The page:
- length(unknown-string) = 16 bytes - 3 bytes
- length(unknown-string) = 13 bytes
16 bytes comes from the response length in Message 1. The
3 bytes comes from the length of our message when the response size increased.
Perfect, with just a little Math we know the length of the unknown string is
Now let’s get to decrypting what unknown string is.
Our first step to finding the unknown string is to create a piece of plain-text that is bigger than the unknown string.
Since the unknown string is 13 bytes long, we’ll add enough extra bytes until it’s a multiple of the block size. Our plain-text will be 16 bytes long, since 16 is a multiple of 8 (block size), and is bigger than 13 (unknown string size).
The message we’ll send is 16 repeated bytes (we’ll use
0x41 again). If we send said message to the server, we know that it would look like this after the unknown string and padding is added:
The only block of plain-text and cipher-text we’ll really be looking at is what block number the final block of plain-text is. Since we sent 2 blocks of plain-text, we’ll only be interested in the 2nd block of cipher-text. If we had sent 30 blocks of plain-text, we’d only focus on the 30th block of cipher-text.
Okay, now the fun stuff. Observe what we happen if we were to remove a single byte of our message. The first byte of the unknown string is now the last byte in block 2 (the highlighted row):
How do we determine what that unknown byte is? By brute force!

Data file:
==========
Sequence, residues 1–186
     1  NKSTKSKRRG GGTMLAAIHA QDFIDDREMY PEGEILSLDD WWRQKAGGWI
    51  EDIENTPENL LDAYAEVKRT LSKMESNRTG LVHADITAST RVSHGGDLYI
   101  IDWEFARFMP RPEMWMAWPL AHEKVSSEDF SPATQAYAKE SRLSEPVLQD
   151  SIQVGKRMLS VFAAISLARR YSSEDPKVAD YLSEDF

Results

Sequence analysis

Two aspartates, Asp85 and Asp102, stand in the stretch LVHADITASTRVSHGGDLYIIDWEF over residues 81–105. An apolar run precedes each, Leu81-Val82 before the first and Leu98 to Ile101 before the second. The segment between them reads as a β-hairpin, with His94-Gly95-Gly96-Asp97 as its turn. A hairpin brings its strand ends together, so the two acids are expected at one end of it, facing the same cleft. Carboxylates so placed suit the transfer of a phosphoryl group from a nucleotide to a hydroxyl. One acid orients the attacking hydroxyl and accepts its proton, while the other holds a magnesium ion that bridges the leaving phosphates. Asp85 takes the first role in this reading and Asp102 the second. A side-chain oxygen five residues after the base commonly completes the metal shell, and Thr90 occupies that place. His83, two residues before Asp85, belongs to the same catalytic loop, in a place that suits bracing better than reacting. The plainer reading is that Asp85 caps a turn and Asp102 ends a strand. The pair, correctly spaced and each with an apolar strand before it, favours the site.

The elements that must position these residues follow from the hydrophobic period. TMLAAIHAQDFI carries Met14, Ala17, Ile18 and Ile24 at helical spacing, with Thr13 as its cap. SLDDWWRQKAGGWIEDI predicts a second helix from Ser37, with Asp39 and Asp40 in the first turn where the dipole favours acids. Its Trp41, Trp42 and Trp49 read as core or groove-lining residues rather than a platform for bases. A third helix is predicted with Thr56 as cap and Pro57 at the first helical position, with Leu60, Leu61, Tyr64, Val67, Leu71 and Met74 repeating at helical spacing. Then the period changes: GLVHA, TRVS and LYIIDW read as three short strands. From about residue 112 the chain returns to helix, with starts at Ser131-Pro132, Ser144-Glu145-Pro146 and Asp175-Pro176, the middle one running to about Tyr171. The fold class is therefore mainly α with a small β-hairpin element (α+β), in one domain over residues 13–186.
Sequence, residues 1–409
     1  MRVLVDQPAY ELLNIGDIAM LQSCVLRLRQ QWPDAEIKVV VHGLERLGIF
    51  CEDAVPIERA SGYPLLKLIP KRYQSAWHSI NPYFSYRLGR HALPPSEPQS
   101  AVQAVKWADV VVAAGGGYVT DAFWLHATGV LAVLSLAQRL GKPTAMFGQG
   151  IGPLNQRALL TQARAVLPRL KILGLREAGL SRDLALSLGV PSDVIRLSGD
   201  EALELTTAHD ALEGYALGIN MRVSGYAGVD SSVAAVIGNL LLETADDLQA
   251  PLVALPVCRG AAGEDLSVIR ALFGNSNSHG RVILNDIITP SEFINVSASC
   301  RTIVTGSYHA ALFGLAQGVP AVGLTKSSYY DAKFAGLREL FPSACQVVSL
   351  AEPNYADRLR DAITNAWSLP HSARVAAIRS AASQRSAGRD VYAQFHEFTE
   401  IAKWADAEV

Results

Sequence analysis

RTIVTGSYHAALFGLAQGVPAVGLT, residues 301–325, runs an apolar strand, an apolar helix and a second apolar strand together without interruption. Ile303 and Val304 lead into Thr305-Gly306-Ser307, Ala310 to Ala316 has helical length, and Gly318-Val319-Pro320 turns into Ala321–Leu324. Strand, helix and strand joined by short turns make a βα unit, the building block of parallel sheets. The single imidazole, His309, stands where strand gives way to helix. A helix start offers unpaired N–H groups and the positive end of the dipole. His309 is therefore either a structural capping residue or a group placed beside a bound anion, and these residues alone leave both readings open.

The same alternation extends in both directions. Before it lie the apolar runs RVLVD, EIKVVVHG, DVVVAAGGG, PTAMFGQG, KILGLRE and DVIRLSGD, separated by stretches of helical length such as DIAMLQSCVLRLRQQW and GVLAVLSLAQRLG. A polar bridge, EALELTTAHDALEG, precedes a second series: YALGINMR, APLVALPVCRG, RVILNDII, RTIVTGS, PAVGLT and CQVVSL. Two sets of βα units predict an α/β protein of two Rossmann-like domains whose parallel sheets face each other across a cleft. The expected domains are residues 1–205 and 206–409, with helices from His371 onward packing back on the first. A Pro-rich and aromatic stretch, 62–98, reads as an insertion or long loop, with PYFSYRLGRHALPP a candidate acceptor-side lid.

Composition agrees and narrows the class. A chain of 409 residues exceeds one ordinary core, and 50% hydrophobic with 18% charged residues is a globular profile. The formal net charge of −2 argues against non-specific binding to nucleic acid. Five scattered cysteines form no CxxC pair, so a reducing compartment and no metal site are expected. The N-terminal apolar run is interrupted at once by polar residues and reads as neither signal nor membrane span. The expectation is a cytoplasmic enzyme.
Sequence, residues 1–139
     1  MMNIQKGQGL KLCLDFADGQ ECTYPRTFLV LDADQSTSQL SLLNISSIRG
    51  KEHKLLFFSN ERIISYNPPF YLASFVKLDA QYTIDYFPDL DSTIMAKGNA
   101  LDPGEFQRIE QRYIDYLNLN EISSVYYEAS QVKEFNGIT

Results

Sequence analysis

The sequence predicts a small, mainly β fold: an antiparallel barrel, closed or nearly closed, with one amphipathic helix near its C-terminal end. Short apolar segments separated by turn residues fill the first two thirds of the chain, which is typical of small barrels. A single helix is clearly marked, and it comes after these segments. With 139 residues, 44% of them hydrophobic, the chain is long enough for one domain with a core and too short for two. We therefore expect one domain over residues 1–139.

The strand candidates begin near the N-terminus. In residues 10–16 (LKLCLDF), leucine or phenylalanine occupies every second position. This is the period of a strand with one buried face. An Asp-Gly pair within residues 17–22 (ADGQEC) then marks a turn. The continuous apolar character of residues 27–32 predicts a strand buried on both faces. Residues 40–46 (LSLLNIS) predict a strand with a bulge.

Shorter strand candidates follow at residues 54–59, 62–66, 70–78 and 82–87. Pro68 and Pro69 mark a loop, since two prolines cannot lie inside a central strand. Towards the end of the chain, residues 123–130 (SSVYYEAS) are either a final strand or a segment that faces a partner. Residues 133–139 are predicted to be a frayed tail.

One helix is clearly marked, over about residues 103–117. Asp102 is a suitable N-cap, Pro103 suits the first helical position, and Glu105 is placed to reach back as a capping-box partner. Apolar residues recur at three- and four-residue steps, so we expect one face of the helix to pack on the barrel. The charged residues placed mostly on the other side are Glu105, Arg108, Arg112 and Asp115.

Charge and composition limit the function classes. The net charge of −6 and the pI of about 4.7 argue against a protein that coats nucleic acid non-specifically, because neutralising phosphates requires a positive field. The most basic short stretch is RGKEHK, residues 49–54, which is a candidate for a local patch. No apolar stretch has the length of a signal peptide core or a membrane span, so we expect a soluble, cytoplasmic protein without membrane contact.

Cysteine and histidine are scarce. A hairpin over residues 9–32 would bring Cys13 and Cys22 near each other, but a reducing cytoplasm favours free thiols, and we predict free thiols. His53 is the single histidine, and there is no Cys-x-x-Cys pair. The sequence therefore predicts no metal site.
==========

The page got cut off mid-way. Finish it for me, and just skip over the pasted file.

A byte can only be 256 possible values. So we’ll send 256 messages, each with a different value in the final position of block 2.
Message 1 would look like this:
Message 2 would look like this:
Message 256 would look like this:
For each of the 256 messages, we store the cipher-text value of block 2 (the highlighted row) along with the byte that was added in a lookup table.
Now let’s send the earlier message with 1 byte less than a full block:
We can now get the cipher-text value of block 2, perform a lookup in our table, and see what byte is required to produce said cipher-text. It turns out it was
We’ve just discovered the first byte of the unknown string, let’s find more!
We’ve found the first byte, 1 down, 12 to go. We just need to rinse and repeat.
For the second byte, we first remove another byte of our message so that the first two bytes of the unknown string are in block 2:
Since we know the first byte of the unknown string, there are again only 256 possible values for the final byte. So let’s brute force again and create another lookup table. From now on we’ll be appending the recovered unknown string bytes to the end of our plain-text when doing the brute forcing.
With the new lookup table built, we can send our plain-text message (with no unknown string bytes added), extract block 2 of the cipher-text, and perform a lookup to see what byte produced that cipher-text:
It turns out the second byte was
Awesome, 2 bytes down 11 to go. This step is just rinse and repeat until all the unknown string bytes are found.
After repeating Step 4 eleven more times, we’ve found our unknown string for our example. It turns out it was
Using this exact technique on the challenge cipher-text yielded the following unknown string.
1 2 3 4 Rollin' in my 5.0 With my rag-top down so my hair can blow The girlies on standby waving just to say hi Did you stop? No, I just drove by
Some final notes:
- We recovered this string without knowledge of the encryption key.
- This attack was not on the underlying cipher, it was against the cipher mode. AES is just as vulnerable to this attack as DES.
- This attack scales linearly O(N) and takes (256 * N) oracle function calls to complete, where N is the length of the unknown string. This could be lowered if you assumed/guessed the unknown string is only printable ASCII chars.
- Checkout the cryptopals website if you want to solve more problems like this and learn more about cryptography.